Roughly a year removed from the critically acclaimed To Pimp a Butterfly (TPAB), Kendrick Lamar is supplanting himself as hip-hop’s finest with each passing day. Whether being featured on Kanye West’s latest project, delivering an iconic Grammy performance, or winning a Grammy for Hip Hop album of the year; Cornrow Kenny isn’t going anywhere anytime soon. Lord knows he’s not going to let us forget it either.
Most fans were not anticipating much from Lamar this year, but he threw a curveball when he released this, his latest project untitled. unmastered. Taking into account the 3-year gap between his records Good Kid, m.A.A.d City and TPAB, it came as a shock to some when Lamar dropped this record, and some attribute the release to basketball star Lebron James who prodded Lamar via Twitter.
According to Lamar’s Twitter, all eight tracks started as demos for TPAB. Lamar cited that these songs didn’t make the cut due to samples not being cleared in time, or just artistic purpose. Each track is called “Untitled” with a corresponding number (01 through 08) and date or general time period in which the song was recorded. “untitled 02,” “untitled 08,” and a portion of “untitled 05” have been performed live, but the remainder of the tracks appearing on the album had not been released to the public until now.
Despite only being able to offer 34 minutes of content, untitled. unmastered. manages to be as complex and layered as any full-length project Lamar has released to date. Moreover, these “demos” heavily mirror the jazz and funk influences found on TPAB and also take on the albums conscious and lyrical content. Some tracks lean on that jazz influence while other tracks tend to wane towards heavy drum and bass sections. Despite the dichotomy, each track holds a lot of weight.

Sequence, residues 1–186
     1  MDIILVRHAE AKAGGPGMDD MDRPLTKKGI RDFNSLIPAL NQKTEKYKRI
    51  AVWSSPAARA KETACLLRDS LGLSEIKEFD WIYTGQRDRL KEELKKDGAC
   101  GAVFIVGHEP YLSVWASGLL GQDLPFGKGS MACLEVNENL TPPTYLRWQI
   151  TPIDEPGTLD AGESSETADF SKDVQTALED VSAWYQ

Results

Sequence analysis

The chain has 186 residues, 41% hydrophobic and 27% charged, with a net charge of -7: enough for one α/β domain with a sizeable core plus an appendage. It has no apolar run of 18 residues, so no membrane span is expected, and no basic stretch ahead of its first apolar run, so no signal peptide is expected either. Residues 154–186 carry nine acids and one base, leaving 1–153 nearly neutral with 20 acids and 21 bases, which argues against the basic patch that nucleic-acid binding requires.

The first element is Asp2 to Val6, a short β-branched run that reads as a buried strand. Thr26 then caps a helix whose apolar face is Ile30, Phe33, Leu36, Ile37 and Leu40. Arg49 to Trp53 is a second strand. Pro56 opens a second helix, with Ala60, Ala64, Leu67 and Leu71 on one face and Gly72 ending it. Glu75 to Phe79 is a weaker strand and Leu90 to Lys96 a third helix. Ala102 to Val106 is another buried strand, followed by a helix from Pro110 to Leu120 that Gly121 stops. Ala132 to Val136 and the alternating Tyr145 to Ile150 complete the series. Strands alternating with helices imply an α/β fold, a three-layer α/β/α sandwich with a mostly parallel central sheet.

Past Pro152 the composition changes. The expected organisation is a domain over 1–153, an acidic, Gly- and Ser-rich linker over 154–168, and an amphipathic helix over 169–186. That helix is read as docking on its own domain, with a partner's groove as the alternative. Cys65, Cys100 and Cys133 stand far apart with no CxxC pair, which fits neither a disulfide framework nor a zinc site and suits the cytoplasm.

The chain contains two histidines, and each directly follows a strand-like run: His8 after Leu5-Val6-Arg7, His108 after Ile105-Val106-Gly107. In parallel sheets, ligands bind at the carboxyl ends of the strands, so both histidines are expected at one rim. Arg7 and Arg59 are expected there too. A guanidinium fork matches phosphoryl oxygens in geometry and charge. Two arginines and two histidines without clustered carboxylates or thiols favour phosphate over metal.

While it is widely understood that this release is full of “throw away” tracks, there certain aspects within each track that make it unique. Some artists will tend to shy away from what they feel is important, or try to hide it within their lyrics, but Lamar chooses to be transparent in his music, saying what he wants to say. One example of this can be heard on “Untitled 04” where Lamar says, “They say the government mislead the youth. And welfare don’t mean well for you. They tell me that my bill’s past due. And preacher man don’t always tell the truth.” In reality, this verse and many others by Lamar expose more truths than anything said by those he cites in this passage.
The album continues with further uniqueness, with the track “Untitled 07” which clocks in at eight minutes and four seconds, the longest track on the record that also has the most to offer on the record. While length is a factor, content leads this writer to believe that “Untitled 07” should really be broken down into three parts. Part I commences with a “Pimp Pimp” chant, followed by Lamar speaking on his success and achievements and that no physical possession could get you “as high as this.” This section goes into another verse and then interludes into “Part II.”
In "Part II," Lamar keeps up the intensity; comparing himself to Pacino in The Godfather, possibly alluding to his next studio album while also throwing some shade at Jay Electronica (who Lamar has been beefing with). As Part II comes to a close, Part III comes to the forefront. This section of the track takes up half of the eight minutes, and serves as a peep into the studio session of the track. Lamar and his crew are simply slacking off and enjoying themselves, but Lamar still finds time to bring up his beef with Drake. Ultimately, much like the “album” itself, the track shows an incredible transformation from beginning to end.
All in all, it is difficult to be critical of a project that is so consistent throughout. The instrumentals are incredibly fluid and fit the context of the lyrical content beautifully. While it lacks a certain level of fluidity from track to track, it was never made with the intention of doing so. This is not an album per se, so we the listener shouldn’t look at it like one, but in this writer’s opinion, the tracks on this project would have only improved TPAB. It’s truly a shame this collection of songs couldn’t have found their way on the record, but these songs prove that Kendrick Lamar is the puppet master. He is pulling all of the strings. Take your seat on the throne Kendrick, you deserve it.